It was at this point that the First Minister insisted she was not complaining. Anyone listening would have been forgiven for thinking that not only was she complaining but she was complaining about things that had not happened.
But, then, in Sturgeon-speak the simple denial of evidence is enough for the First Minister to believe it simply doesn’t exist. Yesterday, it was denying that she was complaining while she was in the process of complaining.
A few days ago, it was insisting that she had put independence campaigning on hold while dealing with Covid-19, despite the fact that barely a minute of any day passes without the SNP press office or one of Sturgeon’s furiously excitable colleagues demanding that a second independence referendum is given the green light.
The big news from yesterday’s First Ministerial briefing was that the two weeks of restrictions under which we are currently living is to become three weeks of restrictions.
Before you get your hopes up and imagine that, once that extra week is over, we may return to the sanctuary of the pub, I should warn you that this extra week has been put in place in order to allow the First Minister to seek the agreement of MSPs for a new raft of restrictions.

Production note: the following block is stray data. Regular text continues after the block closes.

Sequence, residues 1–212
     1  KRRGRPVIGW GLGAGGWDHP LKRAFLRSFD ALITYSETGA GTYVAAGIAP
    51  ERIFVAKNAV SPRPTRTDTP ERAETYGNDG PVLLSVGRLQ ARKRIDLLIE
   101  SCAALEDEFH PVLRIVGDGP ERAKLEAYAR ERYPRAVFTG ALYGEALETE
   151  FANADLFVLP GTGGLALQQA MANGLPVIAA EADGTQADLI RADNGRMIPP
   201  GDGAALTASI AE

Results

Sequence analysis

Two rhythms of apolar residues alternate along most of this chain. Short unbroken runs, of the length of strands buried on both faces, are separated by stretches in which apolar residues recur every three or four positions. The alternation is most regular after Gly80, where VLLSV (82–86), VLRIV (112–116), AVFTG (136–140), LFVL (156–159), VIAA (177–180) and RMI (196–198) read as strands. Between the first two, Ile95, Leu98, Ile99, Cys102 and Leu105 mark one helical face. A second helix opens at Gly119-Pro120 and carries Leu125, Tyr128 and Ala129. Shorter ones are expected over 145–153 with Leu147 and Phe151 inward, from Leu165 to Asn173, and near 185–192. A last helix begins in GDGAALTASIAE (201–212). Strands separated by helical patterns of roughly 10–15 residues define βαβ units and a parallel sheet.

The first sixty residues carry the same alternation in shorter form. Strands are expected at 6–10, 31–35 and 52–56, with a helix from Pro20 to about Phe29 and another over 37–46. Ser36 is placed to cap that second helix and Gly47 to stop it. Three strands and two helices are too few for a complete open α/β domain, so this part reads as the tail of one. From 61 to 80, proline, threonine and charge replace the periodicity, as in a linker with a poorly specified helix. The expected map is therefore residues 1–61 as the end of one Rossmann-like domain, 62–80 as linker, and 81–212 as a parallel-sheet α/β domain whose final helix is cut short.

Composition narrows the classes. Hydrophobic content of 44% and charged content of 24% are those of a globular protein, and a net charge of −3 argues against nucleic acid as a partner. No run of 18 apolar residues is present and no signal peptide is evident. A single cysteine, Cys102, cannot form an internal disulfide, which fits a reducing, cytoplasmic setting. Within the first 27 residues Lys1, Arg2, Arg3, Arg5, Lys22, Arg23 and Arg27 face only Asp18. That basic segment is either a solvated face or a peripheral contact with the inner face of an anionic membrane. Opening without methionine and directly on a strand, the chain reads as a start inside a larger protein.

It seems, I’m afraid, that the restrictions are being temporarily extended in order that they can be extended for an even longer period.
The First Minister didn’t say this, explicitly. What she said was that it was important to be clear at this stage that her Government could not rule out the further extension of existing restrictions or the imposition of tougher restrictions for all or part of the country.
One need not be a crack code-breaker to decipher that message. Things, chums, are not going to get any easier any time soon.
Sturgeon rarely has a good word to say about members of political parties other than the SNP (with the exception of her pet budgies in the Scottish Greens, of course) but she was supportive of Labour’s Manchester Mayor, Andy Burnham, who is currently at war with the UK Government over financial support for his region.
As the saying goes, ‘my enemy’s enemy is my friend’, and Burnham falls cleanly into that category (remember, Labour politicians are only red Tories if they have the audacity to seek election in Scotland).
Previously, Sturgeon has been keen to differentiate the reaction to coronavirus in Scotland from the reaction across England. But now she sees allies where previously stood foes.
I’m going to take a flier here and say if Manchester’s mayor had been a member of the Conservative Party, Sturgeon would have found a way of attacking his current position. Before anyone takes offence at this suggestion, let me make it perfectly clear: I’m not complaining.